10. No tips. I am part of Team Holly this year and I am part of regional NaNo Lake Writer’s so checking in with them and watching them is encouraging. Yup, I’m NaNoing but behind but not sweating will do what I can and hopefully get a few days where I write more than normal. I like NaNo whether win or lose the count I still consider it a win because I show up. That is a writing life lesson that needs to be practice just about 365 days a year.

    Good luck, great post.

    Juneta @ Writer’s Gambit

  11. I haven’t tried doing NaNoWriMo. I’m not sure I could. In fact, I really admire you jumping in and doing it. I’ll be cheering you on from the sidelines, Anna! Keep going. 🙂

  12. I only have one tip. Don’t be a slow writer like me. You’ll never finish Nano.

  13. jennifer@badbirdreads

    Oh yeah, it’s never as easy as it seems.

  14. I’ve hit a snag from the very beginning. I do so much better if I start writing from the middle as I’d learned in last year’s NaNoWriMo. But this year I seemed to forgotten that and started writing linear, shudder. Now going to use the remaining 16 days to start over properly, right in the middle of things.

    • Now this I like. Do it! Do it! 🙂

    • Hi Lidy, starting from the middle? How does that work? Happy writing!

      • Yes Lidy, tell us what you do. 🙂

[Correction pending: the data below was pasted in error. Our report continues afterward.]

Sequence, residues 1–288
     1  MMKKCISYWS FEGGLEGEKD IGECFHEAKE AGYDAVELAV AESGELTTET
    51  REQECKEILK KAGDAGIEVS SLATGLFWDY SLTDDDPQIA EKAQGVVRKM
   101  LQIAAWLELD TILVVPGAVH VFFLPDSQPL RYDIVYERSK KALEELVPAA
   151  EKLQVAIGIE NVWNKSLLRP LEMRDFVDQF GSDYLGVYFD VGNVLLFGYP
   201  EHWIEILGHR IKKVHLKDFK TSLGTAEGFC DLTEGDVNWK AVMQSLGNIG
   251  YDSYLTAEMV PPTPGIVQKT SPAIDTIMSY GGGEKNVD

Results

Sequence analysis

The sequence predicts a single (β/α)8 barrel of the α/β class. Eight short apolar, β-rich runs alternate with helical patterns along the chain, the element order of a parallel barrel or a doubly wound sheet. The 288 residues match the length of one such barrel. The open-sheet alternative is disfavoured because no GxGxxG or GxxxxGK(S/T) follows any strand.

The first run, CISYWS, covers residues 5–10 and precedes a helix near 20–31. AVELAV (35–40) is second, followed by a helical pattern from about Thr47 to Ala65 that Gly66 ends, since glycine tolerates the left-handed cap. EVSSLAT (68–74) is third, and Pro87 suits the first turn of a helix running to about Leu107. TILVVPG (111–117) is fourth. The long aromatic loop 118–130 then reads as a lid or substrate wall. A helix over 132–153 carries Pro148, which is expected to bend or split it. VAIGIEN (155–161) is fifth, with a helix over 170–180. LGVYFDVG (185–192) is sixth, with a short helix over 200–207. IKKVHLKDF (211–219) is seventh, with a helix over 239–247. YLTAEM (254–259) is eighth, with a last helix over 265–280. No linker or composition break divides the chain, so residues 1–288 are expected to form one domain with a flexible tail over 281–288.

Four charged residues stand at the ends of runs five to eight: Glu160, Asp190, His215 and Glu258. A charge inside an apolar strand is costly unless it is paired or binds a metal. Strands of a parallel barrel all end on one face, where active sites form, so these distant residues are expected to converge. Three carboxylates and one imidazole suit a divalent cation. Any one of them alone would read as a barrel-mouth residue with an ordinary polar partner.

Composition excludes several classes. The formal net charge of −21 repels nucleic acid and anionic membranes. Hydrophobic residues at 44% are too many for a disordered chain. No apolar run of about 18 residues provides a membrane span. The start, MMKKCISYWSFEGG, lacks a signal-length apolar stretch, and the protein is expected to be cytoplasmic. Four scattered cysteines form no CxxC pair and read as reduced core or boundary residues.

• James Scott Bell explains it much better. When writing, most of the time we start waffling in the middle. It’s pretty frustrating especially when writing the beginning and ending wasn’t much trouble. The middle tends to peter out because I don’t delve deep enough into what happens in the middle. I know what I’d like to happen but that’s just scratching the surface. The middle, as Mr. Bell says is ‘where you’re going to discover what your story is really all about.’ With the raised stakes, tension, the moment of death (psychological, professional or physical) that’ll forever shape the character(s) from that point on. Whether for good or bad. All this and more (must get Write Your Novel From the Middle by James Scott Bell) happens during the climax of a story.
        So start writing from the middle, with all that in mind and write outwards. From the Middle back to beginning of the story. Or from the middle towards the end and lastly the beginning, coming full circle. I prefer the latter. 😉

      • James Scott Bell explains it much better. When writing, most of the time we start waffling in the middle. It’s pretty frustrating especially when writing the beginning and ending wasn’t much trouble. The middle tends to peter out because I don’t delve deep enough into what happens in the middle. I know what I’d like to happen but that’s just scratching the surface. The middle, as Mr. Bell says is ‘where you’re going to discover what your story is really all about.’ With the raised stakes, tension, the moment of death (psychological, professional or physical) that’ll forever shape the character(s) from that point on. Whether for good or bad. All this and more (must get Write Your Novel From the Middle by James Scott Bell) happens during the climax of a story.
        So start writing from the middle, with all that in mind and write outwards. From the middle back to the beginning of the story. Or from the middle towards the end and lastly the beginning, coming full circle. I prefer the latter. 😉

  15. Hello emaginette, I’m a NaNo newbie and am enjoying the whole excitement of it. Last night I took part in a five minute live word sprint! I lovethe way the internet can generate so many great ideas! (Do I sound like an old lady there? Ah, there may be a reason for that)